MsPeacock

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Your wife needs to vet her friends before taking their recommendations...

Figure out who is selling the most houses in your neighborhood.  Start with who has the most signs.  Look on Zillow and Realtor.com to see who has the most listings and sales.  Call those people and see what you get.

This! I am former military and moved *a lot* for about 15 years. In my experience, finding the busy, organized, well-connected "sells a lot of houses" realtor is the way to go. They will have good assistants and an excellent network of other realtors, and will know exactly how to market your house. Interview 2 or 3 of the best realtors and get them to give you an estimate of expected sales price and specifics on how they will market your house (e.g do they have mailers, do they advertise and if so when and how often will your house be featured, who does the photos, do they help w/ staging or have a staging service, do they have realtor showings (basically an open house only for realtors), do they do open houses (mostly a waste of time IMO, etc.?)

Spend your energy making your house show as well as humanly possible. You can make back the 5K in realtor commission by using your time and energy to keep the house and yard looking like you are about to be featured in House & Garden magazine. Touch up all the paint, clean clean clean, pack stuff up and stick it in your FIL house to minimize clutter, fold everything in every closet and make sure they look spacious, line up the stuff in the pantry, etc. etc. Basically make a "fantasy house" that will sell quickly. Also buyer's realtors will want to show a house that looks great. As you know if you've bought a house - many houses look awful - and are hard to sell. Make yours easily to sell.

Do not use a realtor who is a friend of a friend or just starting out, or offering some sort of discount to get clients.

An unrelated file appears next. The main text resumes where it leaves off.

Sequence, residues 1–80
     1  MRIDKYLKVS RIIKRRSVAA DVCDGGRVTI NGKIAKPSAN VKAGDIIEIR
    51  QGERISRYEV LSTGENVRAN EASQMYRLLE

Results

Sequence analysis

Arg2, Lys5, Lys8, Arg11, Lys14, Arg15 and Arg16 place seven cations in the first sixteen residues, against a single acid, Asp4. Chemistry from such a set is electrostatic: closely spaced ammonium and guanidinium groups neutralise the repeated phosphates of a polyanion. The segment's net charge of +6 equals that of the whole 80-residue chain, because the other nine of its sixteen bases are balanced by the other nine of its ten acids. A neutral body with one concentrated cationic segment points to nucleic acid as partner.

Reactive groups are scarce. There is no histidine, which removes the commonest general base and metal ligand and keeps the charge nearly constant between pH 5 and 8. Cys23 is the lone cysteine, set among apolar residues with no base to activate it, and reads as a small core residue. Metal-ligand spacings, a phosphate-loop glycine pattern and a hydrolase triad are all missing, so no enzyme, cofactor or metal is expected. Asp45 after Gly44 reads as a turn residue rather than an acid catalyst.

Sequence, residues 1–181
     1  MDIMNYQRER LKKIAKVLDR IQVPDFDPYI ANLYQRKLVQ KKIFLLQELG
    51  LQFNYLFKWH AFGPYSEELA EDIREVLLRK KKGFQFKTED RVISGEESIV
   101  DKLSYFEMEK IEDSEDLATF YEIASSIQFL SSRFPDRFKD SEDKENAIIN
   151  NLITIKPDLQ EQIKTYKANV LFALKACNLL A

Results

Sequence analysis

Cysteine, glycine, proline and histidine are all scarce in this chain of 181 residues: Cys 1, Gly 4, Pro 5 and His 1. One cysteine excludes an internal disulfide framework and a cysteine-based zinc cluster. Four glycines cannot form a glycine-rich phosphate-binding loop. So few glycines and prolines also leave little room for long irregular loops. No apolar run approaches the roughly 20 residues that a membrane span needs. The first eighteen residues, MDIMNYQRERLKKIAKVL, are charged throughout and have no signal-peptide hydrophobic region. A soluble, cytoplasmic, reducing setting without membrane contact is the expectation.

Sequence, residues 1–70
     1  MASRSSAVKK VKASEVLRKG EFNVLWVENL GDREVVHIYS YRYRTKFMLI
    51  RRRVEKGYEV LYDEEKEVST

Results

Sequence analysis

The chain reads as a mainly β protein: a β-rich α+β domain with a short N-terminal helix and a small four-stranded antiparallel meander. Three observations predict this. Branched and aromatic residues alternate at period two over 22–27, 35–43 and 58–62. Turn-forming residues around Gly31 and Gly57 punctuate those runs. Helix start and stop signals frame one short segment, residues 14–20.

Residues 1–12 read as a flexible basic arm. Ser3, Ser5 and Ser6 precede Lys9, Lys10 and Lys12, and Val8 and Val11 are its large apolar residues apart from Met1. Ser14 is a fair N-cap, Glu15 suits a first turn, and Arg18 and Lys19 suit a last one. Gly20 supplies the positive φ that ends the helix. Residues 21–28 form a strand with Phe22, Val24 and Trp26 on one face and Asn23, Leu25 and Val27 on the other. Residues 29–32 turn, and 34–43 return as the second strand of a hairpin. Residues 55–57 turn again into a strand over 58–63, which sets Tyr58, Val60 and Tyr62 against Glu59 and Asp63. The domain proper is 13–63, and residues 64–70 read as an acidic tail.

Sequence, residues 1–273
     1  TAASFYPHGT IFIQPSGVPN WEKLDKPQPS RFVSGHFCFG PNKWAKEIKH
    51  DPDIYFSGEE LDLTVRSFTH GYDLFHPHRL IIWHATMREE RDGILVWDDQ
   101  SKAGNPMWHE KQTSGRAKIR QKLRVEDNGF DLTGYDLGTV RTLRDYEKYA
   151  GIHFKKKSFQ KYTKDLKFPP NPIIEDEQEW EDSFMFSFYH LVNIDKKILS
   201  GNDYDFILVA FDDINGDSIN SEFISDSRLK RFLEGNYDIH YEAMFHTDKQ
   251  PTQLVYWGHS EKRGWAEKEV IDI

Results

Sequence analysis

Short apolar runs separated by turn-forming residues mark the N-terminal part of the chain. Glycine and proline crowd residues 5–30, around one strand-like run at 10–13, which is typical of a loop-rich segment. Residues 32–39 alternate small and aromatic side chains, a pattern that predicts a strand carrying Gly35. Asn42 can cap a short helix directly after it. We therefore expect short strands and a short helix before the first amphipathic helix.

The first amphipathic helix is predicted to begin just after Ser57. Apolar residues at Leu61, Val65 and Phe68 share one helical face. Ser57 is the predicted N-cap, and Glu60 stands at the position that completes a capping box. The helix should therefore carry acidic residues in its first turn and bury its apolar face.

south of 61

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I have bought and sold twice using FSBO.

We sold our house FSBO the day after we listed it (three showings, two offers). How - we had it appraised before we listed it. Not some realtor trying to promise us the earth - but an actual appraiser that the banks use. It cost us $300 - worth every penny.
We knew we set the price for what the bank would lend - so we know that any deal wouldn't fall over on account of not getting financing. We priced it right and it sold straight away.

FSBO is not uncommon here, we bought the house that way, sold it that way and bought the next one that way. I do see lots of wing-nuts listing places way above what they're worth. Without the appraisal we would have listed our place about 15 - 20K higher than we did (on a 400K house) , so I think the appraisal was super helpful in tempering our expectations and pricing it to sell.
Good luck!

Jon Bon

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Don't stick a for sale sign in your yard and call it FSBO

Do find a flat fee agent

I have done this a few times, it costs about $500 bucks and it gets you into the MLS just like everyone else. You supply the pictures, description and even the sign if you want.

I did see someone comment about "running home for showings" you will not do this. You will buy a $20 lock box from Lowes. Put the key in it and you are done. I have only ever gotten calls from realtors, so they are very easy to google and make sure they are legit if that concerns you.

I am sure this makes people uncomfortable with strangers in their home, however its exactly what a listing agent would do. Your agent is not showing your house, the buyers agent is showing the home to the buyers. So the process is exactly the same as if you listed with a 'full service' agent. You just do the negotiation and contracts yourself which you would do in a FSBO anyways.

I have done a flat fee agent 2 times, best money I ever spent and probably saved about 3% of 500k?

Not trying to throw stones here but realtors are not doctors, I can't operate on myself but I sure as heck sell my own home.